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D&D: Five Minor Villains To Cap Off Your Adventure

5 Minute Read
Dec 31

Whether they recur again and again, or show up once and are gone, these five minor villains are sure to leave a lasting impression.

Villains are an important part in our adventure stories. They can be the source of powerful confrontations that encapsulate an idea that the heroes are fighting against with all their might, they can be former friends, whose betrayal hurts worse. Or sometimes, they can just be an opportunity to get knocked around by the heroes, giving them a chance to be heroic and to determine a little character.

When Spider-Man faces down the Rhino, we know there’s not going to be any earth-shattering moral arguments or character revelations. The Rhino is a small-time crook who will charge through whatever scenery the artist has drawn, Spider-Man will highlight his mobility, running, swinging, and flipping around the powerful behemoth, and in general we get a sense of Spidey’s prowess. There’s a kind of rhythm to it. Spider-Man lands a few ineffectual blows, there’s a few close calls, and then there’s a moment where a hit lands, and Spidey is thrown for a loop.

He recovers, tosses off some banter, and the fight ends not long after, with either Spiderman winning through some trick that highlights his resourcefulness (and that might pay off later), or with the Rhino escaping, or the fight being interrupted as Parker’s personal life pulls on him. There’s a lot you can do with a fight when the stakes of “who wins this fight” are low.

Much like a jobber in a wrestling circuit, whose whole role is to get in there and routinely lose a fight to prove either how powerful the heroes are, or to show off the underhanded tactics of a heel looking to build up a lot of heat from the audience–minor villains are there to show your heroes being heroes. They’re there to set up the everyday aspect of these adventurers getting out there and questing.

And like a good jobber, you want them to lose, but to have fun doing so. So with that in mind, consider using one of these five concepts the next time you want to have a villain get out there and get beat.

The Thief


This is a minor lieutenant in a thieves’ guild, or perhaps the captain of a small pack of bandits, or maybe just a tough who wants what the party has. Either way, this is a person who gets out there to actively rob the PCs or else tries to commit crimes while the PCs are nearby. Now there’s no guarantee that the party won’t try and join in, so try and play up how petty and odious this thief is being. I like to use the bandit captain statblock for this, and adjust it to match whatever the party’s level is.

The Bravo

This is a big bully. A tough armored mercenary, or maybe a berzerker who doesn’t like the way the party is looking at them. Maybe they’re a minor warlord who delights in extorting gold from a terrified peasantry in the small village the adventurers are resting the night in. Whatever the case, this person is a bully through and through. They use their physical presence–and some casual violence–to get what they want from the terrified locals. But they’ve never had someone like the PCs stand up to them before. I usually use an adjusted gladiator for these.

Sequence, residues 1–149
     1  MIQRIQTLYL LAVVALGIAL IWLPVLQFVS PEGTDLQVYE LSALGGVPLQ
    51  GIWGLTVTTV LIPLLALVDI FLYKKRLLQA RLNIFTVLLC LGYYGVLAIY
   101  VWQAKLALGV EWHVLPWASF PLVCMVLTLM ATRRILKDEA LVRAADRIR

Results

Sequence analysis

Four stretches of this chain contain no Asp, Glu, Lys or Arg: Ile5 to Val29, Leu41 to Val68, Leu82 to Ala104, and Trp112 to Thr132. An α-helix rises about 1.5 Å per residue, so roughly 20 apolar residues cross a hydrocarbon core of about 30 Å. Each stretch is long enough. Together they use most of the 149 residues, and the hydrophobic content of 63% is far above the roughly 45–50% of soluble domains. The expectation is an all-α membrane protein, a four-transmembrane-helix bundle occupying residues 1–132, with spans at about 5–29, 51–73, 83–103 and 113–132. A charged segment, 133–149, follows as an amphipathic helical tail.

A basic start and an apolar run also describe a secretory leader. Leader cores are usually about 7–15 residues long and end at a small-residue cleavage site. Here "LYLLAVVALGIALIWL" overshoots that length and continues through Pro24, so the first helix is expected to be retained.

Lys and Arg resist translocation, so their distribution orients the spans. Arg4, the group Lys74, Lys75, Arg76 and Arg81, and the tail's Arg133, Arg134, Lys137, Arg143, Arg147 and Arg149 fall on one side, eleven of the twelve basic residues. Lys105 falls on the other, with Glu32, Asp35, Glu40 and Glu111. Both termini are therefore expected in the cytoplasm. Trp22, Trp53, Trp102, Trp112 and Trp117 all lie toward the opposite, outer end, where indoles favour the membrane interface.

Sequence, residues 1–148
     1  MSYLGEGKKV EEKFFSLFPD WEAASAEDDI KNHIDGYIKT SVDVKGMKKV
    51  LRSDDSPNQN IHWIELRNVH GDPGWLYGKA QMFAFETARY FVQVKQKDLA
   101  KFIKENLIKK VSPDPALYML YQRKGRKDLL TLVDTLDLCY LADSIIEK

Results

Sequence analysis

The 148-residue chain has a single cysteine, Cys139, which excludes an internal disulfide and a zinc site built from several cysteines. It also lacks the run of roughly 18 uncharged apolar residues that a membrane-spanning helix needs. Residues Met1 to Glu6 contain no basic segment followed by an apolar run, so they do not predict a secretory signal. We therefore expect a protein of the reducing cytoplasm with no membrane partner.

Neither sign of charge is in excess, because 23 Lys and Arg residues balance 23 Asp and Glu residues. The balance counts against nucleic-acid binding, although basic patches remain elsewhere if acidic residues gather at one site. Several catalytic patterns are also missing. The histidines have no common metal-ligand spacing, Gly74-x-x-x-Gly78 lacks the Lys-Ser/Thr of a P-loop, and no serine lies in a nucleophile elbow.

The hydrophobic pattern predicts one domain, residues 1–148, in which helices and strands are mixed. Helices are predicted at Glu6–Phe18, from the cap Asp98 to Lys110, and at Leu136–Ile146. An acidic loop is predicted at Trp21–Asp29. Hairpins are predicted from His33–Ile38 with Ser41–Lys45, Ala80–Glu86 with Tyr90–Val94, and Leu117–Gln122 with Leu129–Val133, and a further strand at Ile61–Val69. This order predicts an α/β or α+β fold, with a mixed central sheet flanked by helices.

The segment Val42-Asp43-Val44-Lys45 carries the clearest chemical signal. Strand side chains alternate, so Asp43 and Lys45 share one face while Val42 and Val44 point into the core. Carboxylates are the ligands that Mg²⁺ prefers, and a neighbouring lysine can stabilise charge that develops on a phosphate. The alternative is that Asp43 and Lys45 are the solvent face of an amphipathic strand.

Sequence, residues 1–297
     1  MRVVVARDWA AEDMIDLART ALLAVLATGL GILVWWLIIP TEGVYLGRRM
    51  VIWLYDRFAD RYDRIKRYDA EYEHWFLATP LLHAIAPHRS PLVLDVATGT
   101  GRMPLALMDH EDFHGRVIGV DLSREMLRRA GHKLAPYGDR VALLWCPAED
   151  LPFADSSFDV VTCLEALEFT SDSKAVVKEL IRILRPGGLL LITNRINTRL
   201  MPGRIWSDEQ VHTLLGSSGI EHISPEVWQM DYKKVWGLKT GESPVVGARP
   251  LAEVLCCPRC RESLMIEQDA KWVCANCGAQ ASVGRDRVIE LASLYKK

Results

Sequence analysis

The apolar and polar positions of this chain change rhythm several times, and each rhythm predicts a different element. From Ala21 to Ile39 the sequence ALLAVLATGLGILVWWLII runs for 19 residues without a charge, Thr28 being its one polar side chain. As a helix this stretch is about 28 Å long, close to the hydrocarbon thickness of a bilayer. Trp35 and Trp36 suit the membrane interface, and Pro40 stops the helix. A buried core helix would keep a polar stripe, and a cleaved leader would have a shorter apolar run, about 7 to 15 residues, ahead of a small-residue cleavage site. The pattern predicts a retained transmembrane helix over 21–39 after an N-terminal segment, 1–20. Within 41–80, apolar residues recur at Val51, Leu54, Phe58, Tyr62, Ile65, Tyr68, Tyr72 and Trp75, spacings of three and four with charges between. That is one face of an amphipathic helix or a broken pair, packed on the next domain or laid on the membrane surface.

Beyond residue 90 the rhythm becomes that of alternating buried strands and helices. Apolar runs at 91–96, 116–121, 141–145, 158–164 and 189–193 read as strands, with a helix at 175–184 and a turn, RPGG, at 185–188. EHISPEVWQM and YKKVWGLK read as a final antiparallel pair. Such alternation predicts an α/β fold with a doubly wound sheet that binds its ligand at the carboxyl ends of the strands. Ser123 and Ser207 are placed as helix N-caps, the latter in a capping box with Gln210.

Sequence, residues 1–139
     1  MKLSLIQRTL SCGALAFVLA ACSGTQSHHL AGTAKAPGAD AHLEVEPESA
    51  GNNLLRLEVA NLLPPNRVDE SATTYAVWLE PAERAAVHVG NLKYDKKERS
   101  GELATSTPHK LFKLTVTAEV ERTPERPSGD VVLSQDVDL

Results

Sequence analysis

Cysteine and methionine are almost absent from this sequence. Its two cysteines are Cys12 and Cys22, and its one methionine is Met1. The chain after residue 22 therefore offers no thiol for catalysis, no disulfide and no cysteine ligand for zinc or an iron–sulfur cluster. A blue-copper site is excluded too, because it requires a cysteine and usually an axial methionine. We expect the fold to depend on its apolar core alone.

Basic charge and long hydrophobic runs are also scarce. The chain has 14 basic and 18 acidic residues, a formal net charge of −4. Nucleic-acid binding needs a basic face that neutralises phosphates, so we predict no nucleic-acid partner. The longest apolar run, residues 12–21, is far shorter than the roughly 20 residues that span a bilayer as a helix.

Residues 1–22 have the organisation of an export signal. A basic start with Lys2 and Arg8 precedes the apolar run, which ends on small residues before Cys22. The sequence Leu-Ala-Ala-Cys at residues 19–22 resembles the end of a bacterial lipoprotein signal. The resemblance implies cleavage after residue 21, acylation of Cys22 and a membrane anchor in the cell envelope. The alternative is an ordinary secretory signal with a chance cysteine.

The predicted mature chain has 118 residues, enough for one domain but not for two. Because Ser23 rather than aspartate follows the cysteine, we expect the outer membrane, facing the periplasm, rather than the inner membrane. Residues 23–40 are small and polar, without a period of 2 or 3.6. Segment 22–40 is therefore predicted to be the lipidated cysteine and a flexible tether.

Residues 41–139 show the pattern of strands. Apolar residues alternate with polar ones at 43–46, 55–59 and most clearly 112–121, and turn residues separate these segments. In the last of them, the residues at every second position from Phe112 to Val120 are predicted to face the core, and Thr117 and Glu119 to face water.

The Arcannoyance

Everyone’s faced down a wizard with ambitions of sitting astride the world and rewriting the fabric of reality to their whims. Or a powerful lich that keeps coming back–this is decidedly not that. An Arcannoyance is the sort of spellcaster who believes their magic makes them unstoppable, and maybe they have a secret ritual or two that gives them the upper hand; or maybe they’re just really good at turning invisible and escaping when things go awry. But they mostly show up to fight the players before running away and swearing their revenge.

Arrogance and the lust for power are generally at the heart of this type.

The Dandy


This is a well-dressed minor villain that might be more of a friendly rival, depending. They’re the more stylish version of the PCs, and aren’t afraid to comment on their appearance. They make for excellent foils, especially if they are trying to get hold of the same quest object your players are trying to grab. Toss in the occasional “maybe next time” as they make an implausible escape, only to be chased down later by the PCs, and you’ve got the recipe for someone that keeps them on their adventuring toes. Feel free to be a little competitive, have them show off their expertise at bypassing a trap or something, and encourage the PCs to try and match.

The Manipulator

A villain that can show up without immediately being apparent. These aren’t the secret mind flayers that have taken control of the duke, necessarily–though they can be, depending on how powerful your players are. Rather, these are schemers who manipulate the situation the player characters find themselves enmeshed in. If they’re in trouble with the law, the manipulator makes the punitive damages worse somehow, or ropes them into completing one of their schemes in order to earn their freedom. Or if they’re accomplishing a task for the king, the manipulator tries to either discredit them, or see that they don’t get their just reward.

They may actively plot against an authority, they may only just try and fight the PCs on the diplomatic field, but either way it’s a very satisfying opponent once they can finally catch them in a combat.

There are, of course, plenty more archetypes out there to draw from. But don’t be afraid to send a villain out there to lose on occasion. It can be a ton of fun, and if you know they’re not meant to stick around, then go all out. Make them over the top, but find a way to highlight what the players get out of fighting these foes and you’ll have a satisfied group.

Happy Adventuring!

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